By the Grace of G‑d
1 Sivan, 5712 [1952]

Greetings and Blessings!

I1 was very happy to receive your letter of 21 Iyar. I was already concerned that for a long time I had not heard about the health of yourself and your wife. Thank G‑d, you are already walking outdoors and going to shul, and as I understand from your letter, your wife’s health is also far better than it was previously. Since even fleshly eyes can see that G‑d has healed you and that your wife’s health is also improving, one ought to be strong in one’s trust that things will continue to improve more and more, until you yourself will also be happy.

It is disappointing and painful to encounter certain dispensable expressions in your letter. Why do you do this? — particularly in the case of a Jew who is a believer, who can even influence others by being weak in his trust in G‑d. Firstly, using such expressions is damaging both spiritually and healthwise; and secondly, it weakens one’s own will and desire to infuse others with liveliness and high spirits.

I hope that by the time you receive my letter your mood will improve, and that you will make a point of heeding the directive of our holy Torah, to “serve G‑d with joy.”83 As is taught in our sacred books, one should — and one can — serve G‑d not only through praying and studying Torah, but also while eating and drinking and the like, and by living joyfully. When a person does that, he observes that he is plainly and simply healthier and more optimistic, and he accomplishes far more for himself and for others.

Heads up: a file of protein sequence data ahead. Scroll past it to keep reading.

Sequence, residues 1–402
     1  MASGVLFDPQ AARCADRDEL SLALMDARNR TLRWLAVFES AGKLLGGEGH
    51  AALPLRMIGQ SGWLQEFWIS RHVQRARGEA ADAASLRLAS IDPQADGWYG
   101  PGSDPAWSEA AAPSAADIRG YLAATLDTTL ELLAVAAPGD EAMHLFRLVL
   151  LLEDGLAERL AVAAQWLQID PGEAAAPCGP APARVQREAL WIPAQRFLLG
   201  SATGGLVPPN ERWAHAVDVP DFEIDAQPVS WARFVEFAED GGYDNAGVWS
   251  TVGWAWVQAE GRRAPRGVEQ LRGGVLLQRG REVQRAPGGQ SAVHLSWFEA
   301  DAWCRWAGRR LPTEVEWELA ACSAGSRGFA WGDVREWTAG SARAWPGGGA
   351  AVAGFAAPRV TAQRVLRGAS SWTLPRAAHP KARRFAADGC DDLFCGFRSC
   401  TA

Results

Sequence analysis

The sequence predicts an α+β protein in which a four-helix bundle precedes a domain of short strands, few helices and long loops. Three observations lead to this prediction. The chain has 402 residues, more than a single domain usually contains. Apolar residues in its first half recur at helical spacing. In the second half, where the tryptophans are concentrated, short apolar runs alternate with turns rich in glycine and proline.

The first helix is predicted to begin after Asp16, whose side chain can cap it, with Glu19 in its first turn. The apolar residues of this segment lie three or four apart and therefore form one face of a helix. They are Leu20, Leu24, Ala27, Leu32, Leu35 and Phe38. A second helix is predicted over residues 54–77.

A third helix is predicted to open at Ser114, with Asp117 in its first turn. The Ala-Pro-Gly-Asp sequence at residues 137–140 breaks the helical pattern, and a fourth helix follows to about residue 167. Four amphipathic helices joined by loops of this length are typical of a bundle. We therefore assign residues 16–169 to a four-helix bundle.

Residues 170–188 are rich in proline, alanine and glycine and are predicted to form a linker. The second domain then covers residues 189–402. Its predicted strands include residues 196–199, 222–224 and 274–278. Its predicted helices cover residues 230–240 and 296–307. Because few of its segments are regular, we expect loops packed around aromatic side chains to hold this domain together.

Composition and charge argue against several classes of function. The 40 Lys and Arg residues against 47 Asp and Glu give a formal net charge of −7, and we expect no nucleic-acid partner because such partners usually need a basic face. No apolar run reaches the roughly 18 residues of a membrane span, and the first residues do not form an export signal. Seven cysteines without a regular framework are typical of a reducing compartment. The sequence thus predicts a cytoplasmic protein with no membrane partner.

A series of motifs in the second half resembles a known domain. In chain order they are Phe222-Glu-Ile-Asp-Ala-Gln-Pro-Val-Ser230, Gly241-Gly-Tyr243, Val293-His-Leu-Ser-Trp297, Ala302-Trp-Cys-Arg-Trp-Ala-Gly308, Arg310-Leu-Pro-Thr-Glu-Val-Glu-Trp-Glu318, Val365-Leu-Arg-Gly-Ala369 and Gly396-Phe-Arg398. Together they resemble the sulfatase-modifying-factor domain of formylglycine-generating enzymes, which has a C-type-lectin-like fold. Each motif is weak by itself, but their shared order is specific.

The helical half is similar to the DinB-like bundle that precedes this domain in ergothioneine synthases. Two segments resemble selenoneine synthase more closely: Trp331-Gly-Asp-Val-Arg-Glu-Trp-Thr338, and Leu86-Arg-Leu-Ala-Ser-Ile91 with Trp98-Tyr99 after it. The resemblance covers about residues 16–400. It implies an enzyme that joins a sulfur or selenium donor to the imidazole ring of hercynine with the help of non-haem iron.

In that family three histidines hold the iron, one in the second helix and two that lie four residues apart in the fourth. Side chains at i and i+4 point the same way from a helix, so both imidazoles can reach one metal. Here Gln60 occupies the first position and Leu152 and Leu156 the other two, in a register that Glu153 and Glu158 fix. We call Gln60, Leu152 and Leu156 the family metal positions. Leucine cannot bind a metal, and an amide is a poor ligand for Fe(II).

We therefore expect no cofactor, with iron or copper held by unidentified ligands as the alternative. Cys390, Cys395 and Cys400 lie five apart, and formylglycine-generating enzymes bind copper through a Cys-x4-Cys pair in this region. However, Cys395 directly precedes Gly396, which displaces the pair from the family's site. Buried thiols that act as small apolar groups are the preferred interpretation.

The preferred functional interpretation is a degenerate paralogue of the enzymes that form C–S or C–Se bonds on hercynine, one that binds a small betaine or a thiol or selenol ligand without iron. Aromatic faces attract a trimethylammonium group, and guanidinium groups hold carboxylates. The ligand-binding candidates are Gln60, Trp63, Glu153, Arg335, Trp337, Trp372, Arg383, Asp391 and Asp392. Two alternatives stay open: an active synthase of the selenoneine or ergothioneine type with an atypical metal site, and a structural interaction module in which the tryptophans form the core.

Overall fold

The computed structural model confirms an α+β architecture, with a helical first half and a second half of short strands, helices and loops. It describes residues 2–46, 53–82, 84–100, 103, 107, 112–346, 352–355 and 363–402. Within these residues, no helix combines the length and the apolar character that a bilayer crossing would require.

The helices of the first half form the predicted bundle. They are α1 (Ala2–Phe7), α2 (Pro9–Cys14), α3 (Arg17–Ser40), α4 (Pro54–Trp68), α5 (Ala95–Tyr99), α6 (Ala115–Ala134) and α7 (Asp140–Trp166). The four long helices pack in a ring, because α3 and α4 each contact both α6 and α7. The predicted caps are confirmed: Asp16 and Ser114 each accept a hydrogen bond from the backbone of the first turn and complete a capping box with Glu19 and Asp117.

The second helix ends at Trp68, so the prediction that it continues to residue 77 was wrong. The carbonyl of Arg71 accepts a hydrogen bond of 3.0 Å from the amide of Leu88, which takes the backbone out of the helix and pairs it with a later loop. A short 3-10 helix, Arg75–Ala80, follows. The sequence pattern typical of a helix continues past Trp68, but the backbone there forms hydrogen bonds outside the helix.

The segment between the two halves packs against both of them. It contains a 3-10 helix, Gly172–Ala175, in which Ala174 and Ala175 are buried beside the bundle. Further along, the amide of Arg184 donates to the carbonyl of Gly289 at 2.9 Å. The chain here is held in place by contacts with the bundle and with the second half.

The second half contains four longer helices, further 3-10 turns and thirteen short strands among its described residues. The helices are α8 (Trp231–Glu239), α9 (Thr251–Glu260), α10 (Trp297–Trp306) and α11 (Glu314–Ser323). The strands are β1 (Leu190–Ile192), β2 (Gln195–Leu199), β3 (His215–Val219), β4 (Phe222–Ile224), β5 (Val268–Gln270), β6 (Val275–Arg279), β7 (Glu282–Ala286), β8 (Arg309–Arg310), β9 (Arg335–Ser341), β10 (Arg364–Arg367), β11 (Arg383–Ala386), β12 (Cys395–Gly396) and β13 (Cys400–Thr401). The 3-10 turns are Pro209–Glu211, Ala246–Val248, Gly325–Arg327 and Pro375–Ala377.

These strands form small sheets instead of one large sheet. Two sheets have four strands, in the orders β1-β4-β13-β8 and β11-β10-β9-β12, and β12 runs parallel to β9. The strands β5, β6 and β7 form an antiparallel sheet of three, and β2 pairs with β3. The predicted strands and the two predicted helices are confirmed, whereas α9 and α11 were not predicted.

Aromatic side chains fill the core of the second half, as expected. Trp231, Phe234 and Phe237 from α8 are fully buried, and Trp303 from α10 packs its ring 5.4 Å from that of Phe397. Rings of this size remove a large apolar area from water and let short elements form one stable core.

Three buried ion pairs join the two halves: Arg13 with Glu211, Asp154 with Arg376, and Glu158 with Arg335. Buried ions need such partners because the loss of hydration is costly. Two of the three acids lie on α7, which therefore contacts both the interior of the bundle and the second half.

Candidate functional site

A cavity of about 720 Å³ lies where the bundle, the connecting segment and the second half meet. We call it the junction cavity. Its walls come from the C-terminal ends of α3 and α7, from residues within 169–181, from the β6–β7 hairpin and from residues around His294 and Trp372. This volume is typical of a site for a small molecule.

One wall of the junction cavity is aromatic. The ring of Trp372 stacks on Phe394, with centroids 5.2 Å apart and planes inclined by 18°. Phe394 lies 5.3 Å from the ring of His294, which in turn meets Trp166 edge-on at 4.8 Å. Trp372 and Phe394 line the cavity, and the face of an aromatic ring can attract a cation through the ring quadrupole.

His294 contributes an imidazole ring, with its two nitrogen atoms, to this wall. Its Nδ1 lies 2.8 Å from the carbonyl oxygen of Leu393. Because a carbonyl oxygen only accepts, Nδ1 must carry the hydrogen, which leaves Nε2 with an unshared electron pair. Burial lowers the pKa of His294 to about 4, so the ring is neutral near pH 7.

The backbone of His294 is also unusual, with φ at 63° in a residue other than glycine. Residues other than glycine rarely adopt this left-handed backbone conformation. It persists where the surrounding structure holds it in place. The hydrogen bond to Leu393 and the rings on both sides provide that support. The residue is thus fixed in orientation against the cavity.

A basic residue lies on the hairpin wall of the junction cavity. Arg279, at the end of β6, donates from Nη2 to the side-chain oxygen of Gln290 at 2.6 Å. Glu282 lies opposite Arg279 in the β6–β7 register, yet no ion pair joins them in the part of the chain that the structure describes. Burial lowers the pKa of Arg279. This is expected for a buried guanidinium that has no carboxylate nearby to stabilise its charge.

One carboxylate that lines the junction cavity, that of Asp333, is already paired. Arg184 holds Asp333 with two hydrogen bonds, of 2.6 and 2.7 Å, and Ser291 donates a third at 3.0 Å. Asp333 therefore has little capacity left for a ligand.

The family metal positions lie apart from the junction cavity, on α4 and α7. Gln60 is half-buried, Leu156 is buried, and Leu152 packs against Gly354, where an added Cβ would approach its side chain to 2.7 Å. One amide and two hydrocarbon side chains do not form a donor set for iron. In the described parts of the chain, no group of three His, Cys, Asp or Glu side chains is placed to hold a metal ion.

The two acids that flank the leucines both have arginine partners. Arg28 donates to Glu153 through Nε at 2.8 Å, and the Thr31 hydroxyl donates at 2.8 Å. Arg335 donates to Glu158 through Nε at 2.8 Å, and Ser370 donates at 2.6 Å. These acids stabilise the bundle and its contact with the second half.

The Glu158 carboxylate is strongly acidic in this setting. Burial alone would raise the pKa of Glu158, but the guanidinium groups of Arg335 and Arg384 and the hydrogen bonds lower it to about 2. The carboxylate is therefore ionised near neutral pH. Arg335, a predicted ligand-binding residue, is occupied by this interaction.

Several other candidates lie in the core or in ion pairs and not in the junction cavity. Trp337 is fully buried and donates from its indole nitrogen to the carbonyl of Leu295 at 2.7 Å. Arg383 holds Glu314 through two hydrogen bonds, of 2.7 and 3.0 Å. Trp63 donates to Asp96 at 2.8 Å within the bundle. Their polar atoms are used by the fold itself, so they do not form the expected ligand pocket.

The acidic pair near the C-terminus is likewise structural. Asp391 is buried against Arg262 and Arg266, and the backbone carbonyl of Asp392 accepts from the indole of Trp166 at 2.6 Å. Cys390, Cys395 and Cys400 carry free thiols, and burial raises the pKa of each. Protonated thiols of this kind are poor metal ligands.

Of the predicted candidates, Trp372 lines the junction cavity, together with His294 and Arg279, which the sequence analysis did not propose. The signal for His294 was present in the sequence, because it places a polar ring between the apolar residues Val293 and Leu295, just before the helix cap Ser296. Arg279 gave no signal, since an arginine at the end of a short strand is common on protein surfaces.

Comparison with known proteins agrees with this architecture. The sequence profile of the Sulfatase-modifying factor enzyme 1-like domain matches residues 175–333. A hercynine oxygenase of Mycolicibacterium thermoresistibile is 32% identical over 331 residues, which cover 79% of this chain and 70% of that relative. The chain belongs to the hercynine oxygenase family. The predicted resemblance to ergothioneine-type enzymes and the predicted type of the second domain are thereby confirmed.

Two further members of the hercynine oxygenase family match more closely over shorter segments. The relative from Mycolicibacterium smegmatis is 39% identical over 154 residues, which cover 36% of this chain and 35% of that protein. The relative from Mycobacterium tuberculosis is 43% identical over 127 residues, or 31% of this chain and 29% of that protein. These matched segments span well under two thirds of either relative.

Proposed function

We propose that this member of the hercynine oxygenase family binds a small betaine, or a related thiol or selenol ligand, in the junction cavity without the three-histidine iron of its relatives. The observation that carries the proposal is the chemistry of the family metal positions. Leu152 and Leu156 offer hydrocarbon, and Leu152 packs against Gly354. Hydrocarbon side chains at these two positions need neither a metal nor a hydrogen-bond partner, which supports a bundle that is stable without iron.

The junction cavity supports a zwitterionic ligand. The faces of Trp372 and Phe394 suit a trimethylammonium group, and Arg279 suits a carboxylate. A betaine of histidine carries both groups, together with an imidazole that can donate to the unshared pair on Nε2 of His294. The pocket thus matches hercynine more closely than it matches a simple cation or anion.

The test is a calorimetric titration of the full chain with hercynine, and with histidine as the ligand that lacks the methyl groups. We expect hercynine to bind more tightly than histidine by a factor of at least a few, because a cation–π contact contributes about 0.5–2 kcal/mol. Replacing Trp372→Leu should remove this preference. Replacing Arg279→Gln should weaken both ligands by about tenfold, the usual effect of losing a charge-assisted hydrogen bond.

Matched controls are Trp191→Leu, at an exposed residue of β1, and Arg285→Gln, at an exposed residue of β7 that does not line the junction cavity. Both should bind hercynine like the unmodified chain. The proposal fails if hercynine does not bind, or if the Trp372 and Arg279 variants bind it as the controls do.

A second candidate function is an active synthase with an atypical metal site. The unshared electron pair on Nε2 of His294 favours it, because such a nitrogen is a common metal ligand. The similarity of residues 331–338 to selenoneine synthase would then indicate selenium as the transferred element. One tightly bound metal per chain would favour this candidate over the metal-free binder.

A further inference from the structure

Let me conclude with the wish that your attribute of bitachon will be fortified, the earlier the better, and that you will have a Shavuos festival of tranquility and joy, which you will then extend throughout the entire year.

With festive greetings,